How Kaepernick ad helps Nike

Quarterback Colin Kaepernick (7) and safety Eric Reid (25) kneel during the National Anthem prior to a game against the Los Angeles Rams on Sept. 12.

Used with permission of AP Images

Quarterback Colin Kaepernick (7) and safety Eric Reid (25) kneel during the National Anthem prior to a game against the Los Angeles Rams on Sept. 12.

by Hayden Schrauff, Reporter

Nike made Colin Kaepernick the face of their iconic “Just Do It” campaign. Kaepernick, a former NFL quarterback, created controversy in 2016 after he began kneeling during the National Anthem in protest to what he perceived as police brutality in the killing of several unarmed African-American men by the police. Some thought the protest was disrespectful to the United States and veterans and that there are other more appropriate ways for Kaepernick to protest than kneeling. Putting aside the social controversy the ad and the protest created, from a business perspective, Nike will benefit from their advertising choice.

Nike’s sales increased despite efforts by some on social media to boycott the company. After Nike released the Kapernick ad, an Edison Trends study found that sales for the company jumped 31 percent, besting last year’s sales of a 17 percent increase over the same period. The ad did what all ads are designed to do, and that increases the company’s financial standing. The attempts to boycott the company, with some burning their Nike apparel and shoes, does not seem to have led to any serious financial loss for the company.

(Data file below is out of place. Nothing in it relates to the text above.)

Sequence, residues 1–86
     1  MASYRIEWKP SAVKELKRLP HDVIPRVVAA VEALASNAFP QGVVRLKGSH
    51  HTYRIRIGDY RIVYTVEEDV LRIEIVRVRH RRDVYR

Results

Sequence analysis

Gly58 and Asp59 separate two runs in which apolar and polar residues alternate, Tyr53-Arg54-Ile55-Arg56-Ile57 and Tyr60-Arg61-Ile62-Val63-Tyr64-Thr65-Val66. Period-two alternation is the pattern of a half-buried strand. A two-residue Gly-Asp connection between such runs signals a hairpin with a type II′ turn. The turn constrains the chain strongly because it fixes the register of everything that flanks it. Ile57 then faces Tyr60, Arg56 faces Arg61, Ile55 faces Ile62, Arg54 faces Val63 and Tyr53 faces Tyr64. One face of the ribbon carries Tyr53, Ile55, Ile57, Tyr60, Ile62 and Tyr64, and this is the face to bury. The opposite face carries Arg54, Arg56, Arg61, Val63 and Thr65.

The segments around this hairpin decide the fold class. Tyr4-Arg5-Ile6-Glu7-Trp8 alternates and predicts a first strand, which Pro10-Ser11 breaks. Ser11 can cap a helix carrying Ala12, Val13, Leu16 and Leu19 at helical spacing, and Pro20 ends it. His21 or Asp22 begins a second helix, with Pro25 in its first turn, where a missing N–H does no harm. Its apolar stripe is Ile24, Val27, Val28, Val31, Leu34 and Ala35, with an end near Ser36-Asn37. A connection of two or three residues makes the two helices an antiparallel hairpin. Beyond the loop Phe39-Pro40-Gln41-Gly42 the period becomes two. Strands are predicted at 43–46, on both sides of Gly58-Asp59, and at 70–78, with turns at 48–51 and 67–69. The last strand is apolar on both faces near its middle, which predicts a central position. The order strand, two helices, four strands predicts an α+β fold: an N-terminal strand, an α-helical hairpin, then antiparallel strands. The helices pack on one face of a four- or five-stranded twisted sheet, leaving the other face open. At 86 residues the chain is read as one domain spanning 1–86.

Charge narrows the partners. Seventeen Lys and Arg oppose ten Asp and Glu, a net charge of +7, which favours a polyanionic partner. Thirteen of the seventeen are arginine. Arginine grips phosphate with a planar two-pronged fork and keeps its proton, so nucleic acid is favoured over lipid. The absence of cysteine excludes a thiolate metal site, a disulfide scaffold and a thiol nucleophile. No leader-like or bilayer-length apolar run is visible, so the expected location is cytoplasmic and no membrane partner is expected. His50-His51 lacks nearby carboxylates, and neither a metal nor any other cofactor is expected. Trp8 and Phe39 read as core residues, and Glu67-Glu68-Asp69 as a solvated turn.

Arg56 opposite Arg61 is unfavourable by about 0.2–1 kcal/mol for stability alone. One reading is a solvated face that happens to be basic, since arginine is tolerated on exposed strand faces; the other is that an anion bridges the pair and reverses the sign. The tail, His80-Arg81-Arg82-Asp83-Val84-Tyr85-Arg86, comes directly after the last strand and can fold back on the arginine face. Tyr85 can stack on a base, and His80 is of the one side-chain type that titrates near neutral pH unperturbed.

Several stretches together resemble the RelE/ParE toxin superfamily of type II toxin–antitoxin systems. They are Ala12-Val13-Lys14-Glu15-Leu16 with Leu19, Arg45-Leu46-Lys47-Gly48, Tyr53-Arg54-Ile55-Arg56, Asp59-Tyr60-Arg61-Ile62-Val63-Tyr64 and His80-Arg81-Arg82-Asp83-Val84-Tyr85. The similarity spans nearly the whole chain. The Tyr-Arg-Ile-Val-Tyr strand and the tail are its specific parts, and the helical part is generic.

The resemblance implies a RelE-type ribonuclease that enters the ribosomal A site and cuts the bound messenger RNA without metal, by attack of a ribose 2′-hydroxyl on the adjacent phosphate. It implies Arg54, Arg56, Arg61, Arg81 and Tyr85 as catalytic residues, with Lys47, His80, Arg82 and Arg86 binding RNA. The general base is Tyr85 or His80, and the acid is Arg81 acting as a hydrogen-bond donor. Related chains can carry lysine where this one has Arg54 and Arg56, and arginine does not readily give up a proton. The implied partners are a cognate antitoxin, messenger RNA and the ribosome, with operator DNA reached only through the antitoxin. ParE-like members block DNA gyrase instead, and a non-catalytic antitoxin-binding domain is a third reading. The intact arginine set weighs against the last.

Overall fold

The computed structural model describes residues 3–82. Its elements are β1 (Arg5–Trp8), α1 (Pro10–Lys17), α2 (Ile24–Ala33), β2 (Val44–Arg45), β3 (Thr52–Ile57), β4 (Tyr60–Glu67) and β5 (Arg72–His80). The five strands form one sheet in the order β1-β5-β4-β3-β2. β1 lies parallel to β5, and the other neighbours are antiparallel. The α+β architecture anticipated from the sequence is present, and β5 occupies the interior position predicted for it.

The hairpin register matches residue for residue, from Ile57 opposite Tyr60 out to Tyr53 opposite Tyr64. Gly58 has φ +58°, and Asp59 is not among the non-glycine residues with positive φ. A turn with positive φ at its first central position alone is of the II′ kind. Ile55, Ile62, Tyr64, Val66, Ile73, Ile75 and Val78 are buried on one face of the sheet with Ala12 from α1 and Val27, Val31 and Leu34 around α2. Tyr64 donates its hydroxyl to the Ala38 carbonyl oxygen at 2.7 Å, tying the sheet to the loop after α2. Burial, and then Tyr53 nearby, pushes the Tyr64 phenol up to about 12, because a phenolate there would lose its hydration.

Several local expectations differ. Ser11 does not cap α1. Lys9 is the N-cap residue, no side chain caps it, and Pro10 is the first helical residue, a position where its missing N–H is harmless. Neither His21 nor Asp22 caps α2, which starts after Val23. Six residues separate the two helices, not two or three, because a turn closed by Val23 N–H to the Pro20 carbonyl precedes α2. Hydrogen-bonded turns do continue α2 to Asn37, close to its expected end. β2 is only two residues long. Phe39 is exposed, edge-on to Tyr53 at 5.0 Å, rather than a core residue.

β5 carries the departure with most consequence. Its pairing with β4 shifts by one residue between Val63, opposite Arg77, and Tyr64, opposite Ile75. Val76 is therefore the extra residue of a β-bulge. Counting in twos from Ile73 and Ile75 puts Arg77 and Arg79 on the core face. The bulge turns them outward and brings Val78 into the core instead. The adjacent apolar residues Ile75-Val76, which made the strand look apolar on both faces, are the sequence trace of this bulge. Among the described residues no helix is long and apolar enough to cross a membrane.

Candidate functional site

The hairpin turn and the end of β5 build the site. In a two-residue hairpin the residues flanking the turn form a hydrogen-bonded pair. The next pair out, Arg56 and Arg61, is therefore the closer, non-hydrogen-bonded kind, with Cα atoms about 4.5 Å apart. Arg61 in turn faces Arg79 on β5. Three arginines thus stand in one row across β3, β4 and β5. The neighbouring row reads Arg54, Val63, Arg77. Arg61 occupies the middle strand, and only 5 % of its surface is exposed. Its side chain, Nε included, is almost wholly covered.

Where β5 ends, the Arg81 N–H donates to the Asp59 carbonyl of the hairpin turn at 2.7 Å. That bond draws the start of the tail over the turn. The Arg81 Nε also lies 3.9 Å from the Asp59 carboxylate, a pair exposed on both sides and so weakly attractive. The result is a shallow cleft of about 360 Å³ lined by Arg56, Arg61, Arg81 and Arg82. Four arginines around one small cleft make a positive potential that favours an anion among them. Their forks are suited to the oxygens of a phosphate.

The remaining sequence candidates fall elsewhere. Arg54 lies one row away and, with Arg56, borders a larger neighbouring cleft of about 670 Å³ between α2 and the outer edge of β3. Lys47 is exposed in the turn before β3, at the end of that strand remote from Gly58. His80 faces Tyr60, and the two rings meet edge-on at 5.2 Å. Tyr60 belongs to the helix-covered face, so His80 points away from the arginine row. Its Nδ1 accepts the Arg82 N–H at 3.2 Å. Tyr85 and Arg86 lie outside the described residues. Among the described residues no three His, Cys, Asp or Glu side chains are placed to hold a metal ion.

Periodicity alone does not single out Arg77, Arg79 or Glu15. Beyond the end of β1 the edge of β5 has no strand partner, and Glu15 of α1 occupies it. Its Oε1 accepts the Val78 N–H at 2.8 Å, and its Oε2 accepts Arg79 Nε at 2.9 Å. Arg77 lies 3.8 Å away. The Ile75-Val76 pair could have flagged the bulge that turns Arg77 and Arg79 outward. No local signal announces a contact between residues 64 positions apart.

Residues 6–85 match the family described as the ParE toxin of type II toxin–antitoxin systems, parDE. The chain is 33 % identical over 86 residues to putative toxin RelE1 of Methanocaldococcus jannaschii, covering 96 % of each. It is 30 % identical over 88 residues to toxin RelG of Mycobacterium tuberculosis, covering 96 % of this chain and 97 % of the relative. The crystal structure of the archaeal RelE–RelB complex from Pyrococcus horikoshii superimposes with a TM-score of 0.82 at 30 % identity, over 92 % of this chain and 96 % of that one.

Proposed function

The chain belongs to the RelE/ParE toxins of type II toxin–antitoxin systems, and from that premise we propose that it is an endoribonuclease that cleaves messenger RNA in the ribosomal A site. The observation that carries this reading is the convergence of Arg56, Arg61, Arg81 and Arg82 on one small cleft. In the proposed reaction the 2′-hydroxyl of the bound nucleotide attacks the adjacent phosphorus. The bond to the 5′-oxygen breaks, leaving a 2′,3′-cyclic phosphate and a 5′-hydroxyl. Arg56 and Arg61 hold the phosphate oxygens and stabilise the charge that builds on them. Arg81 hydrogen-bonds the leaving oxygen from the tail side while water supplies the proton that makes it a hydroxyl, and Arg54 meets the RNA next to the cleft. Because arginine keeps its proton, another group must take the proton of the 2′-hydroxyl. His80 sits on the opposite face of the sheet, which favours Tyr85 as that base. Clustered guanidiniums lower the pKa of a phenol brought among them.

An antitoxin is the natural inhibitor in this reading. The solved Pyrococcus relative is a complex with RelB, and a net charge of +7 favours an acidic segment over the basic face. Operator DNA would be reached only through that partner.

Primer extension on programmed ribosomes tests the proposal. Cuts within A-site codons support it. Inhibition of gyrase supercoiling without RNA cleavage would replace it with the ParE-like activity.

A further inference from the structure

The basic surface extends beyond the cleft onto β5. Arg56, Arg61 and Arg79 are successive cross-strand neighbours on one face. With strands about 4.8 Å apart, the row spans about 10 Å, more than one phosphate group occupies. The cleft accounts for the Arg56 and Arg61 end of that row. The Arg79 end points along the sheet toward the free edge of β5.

The ad targets those that tend to side with Kaepernick in the controversy surrounding his protest. Those making up the younger demographics are more supportive of Kaepernick’s form of protest than other age groups, and the people making up the younger groups are a large part of Nike’s market. This ad is designed to reach the large portion of Nike’s base and play into what they already support, that being the protest by Kaepernick. Those customers will be more aware that Nike supports something they are in favor of, making them more inclined to spend their money on the company’s products as a result.

Nike released the ad shortly before the 2018–2019 NFL season started and directed the offseason discussion about Kaepernick’s protest to Nike. Much of the NFL offseason was dominated by news stories about whether or not players should kneel and the NFL’s new policy towards the practice. These stirred up conversations both in the newsroom and on social media, which Nike whipped into using for their purpose. They took something that was already being heavily discussed in society and associated themselves with it, thereby spreading their brand awareness with minimal effort on their part.

Although Nike’s stock price fell 3.2 percent after the ad’s release, it has since reached where it was before the controversy began. Nike could soothe tensions and please both sides of the ad controversy by releasing a statement expressing support for Kaepernick while also encouraging the dialogue around the protest to continue. At the end of the day, Nike has and will continue to reap the rewards from their “Just Do It” campaign.